Remember the great decoupling thesis? Emerging markets were supposed to decouple from the moribund West and chart a bright new path for themselves, unshackled from advanced economies laid low by the financial crisis. That hope died quickly, as the crisis dragged down markets everywhere and people realised speedily that emerging markets had no immunity to a global meltdown.

The chart shows, however, that markets are seeing a rather different kind of decoupling this year. The US markets have done well this year, thanks to an improvement in employment, a possible end to consumer reducing loans and the glimmerings of a housing recovery. But as the MSCI Japan chart shows, the star this year has been Japanese market, despite its anaemic economy. The market has rallied on the back of the promise of unbridled liquidity from the central bank, aided and abetted by a weak yen.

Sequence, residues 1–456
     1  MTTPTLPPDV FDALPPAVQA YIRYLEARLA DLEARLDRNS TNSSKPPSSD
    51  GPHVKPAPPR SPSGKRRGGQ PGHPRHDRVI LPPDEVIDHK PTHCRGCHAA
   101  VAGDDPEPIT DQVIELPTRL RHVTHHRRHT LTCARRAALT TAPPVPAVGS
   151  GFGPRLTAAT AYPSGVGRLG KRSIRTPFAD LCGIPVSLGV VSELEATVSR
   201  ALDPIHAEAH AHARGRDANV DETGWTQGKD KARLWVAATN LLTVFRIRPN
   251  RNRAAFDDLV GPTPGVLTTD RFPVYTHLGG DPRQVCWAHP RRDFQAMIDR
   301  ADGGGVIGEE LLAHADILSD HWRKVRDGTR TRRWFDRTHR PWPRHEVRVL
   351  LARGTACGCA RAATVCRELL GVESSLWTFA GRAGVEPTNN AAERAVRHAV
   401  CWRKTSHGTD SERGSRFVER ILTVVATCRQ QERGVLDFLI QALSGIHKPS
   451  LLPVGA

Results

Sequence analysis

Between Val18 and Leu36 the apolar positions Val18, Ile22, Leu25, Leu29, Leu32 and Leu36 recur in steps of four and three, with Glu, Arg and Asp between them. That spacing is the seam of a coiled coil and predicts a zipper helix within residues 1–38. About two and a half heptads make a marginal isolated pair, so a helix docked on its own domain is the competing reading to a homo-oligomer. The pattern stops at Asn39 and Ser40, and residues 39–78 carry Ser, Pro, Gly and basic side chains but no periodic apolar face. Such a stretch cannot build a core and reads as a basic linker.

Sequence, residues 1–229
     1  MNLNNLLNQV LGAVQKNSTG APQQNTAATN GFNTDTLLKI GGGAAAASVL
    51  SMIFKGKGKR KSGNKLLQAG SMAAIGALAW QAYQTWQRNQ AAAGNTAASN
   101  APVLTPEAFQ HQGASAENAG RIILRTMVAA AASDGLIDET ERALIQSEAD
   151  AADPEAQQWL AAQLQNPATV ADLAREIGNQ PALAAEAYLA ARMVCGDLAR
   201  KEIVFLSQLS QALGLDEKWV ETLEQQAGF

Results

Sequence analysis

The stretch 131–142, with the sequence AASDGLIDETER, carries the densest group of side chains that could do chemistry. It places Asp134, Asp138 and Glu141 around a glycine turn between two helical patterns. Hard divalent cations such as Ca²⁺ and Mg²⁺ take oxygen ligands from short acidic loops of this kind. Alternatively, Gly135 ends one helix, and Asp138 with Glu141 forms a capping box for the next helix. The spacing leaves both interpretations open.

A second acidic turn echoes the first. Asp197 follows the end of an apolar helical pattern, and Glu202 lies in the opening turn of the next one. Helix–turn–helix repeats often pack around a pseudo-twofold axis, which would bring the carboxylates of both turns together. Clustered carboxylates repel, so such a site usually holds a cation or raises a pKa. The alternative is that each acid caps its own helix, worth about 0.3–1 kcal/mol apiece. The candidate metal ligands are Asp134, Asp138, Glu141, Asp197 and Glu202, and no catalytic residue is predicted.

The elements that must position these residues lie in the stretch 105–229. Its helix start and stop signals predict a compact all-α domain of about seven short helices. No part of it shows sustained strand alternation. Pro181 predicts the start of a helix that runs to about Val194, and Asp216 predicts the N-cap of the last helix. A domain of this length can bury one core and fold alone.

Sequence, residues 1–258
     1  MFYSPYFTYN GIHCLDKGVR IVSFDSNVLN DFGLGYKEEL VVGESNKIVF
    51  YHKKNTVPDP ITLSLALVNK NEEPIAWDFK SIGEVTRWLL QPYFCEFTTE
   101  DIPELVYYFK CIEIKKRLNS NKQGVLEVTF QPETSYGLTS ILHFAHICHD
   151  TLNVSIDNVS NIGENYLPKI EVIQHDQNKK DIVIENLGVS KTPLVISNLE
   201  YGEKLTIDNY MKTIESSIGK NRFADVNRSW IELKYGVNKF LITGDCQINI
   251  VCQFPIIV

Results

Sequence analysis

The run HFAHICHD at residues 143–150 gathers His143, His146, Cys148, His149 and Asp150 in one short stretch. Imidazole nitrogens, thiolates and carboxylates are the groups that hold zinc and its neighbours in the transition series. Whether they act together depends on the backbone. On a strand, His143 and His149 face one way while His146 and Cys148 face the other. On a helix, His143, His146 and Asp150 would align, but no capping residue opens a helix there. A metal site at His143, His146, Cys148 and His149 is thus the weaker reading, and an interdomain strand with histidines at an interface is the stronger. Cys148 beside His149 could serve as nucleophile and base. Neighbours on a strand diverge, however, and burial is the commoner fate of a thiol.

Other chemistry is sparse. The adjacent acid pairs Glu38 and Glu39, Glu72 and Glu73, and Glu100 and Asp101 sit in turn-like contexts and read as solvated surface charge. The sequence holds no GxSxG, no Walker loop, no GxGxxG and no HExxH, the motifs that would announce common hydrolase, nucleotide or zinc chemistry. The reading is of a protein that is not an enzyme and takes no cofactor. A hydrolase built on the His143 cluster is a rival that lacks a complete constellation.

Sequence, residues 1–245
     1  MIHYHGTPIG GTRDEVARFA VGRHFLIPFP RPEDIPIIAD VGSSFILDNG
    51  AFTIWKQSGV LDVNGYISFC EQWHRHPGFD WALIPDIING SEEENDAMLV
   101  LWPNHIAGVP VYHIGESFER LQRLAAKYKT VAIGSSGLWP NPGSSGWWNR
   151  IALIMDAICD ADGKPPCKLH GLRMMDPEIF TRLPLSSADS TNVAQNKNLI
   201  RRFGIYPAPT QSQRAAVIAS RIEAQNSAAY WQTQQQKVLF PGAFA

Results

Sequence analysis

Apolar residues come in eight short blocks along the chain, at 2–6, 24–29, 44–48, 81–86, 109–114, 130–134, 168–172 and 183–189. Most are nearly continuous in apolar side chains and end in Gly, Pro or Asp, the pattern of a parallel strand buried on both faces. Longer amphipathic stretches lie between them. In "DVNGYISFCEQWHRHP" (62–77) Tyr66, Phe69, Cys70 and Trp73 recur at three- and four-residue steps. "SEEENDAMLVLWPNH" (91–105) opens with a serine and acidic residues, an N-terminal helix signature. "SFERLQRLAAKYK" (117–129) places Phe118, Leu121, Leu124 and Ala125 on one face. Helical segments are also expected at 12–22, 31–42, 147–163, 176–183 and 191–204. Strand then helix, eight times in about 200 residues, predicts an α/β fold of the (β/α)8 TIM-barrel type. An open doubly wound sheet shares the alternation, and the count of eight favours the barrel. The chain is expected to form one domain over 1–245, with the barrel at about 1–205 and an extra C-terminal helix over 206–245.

On the other hand, Europe and emerging markets have distinctly underperformed. While the problems in Europe are well-known, emerging markets have been under pressure due to slowing growth rates, despite the fact that growth is well above that in the developed markets.

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